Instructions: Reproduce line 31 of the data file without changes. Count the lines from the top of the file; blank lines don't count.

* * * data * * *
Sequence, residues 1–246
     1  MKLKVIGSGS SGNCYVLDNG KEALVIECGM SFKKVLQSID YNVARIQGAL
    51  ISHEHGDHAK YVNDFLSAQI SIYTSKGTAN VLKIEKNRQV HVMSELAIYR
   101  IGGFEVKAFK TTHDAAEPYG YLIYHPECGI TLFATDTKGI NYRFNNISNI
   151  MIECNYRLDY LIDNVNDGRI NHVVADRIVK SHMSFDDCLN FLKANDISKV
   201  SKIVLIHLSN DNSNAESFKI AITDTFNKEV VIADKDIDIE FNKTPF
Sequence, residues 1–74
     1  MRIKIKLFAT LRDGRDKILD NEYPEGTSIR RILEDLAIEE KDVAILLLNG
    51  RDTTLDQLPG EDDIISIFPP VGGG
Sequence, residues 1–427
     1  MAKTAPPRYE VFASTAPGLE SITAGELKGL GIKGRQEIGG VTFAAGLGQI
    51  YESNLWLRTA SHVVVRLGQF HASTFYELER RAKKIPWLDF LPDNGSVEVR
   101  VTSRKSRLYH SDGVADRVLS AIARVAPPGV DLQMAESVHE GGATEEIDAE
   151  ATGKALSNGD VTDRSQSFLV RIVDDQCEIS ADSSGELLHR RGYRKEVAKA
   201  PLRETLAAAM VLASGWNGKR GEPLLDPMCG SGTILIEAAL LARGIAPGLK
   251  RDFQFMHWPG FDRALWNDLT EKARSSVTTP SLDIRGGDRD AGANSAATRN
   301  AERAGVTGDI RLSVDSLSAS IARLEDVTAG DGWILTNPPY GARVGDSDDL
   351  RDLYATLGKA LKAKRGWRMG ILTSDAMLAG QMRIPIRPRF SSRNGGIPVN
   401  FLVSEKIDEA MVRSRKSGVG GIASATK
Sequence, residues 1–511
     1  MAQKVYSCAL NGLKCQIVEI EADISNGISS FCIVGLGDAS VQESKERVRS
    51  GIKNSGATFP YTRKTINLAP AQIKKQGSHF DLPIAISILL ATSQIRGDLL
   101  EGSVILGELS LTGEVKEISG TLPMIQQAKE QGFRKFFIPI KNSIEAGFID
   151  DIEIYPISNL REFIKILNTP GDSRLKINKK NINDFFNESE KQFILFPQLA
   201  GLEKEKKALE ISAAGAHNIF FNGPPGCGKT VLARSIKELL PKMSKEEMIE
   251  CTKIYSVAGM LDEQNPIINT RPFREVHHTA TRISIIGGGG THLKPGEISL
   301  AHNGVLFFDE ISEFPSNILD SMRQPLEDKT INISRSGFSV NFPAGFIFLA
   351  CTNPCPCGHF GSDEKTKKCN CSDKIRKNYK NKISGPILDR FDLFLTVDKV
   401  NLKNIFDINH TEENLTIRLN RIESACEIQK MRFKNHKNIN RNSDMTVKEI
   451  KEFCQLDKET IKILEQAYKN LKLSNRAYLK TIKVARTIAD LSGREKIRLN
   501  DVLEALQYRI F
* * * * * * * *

   501  DVLEALQYRI F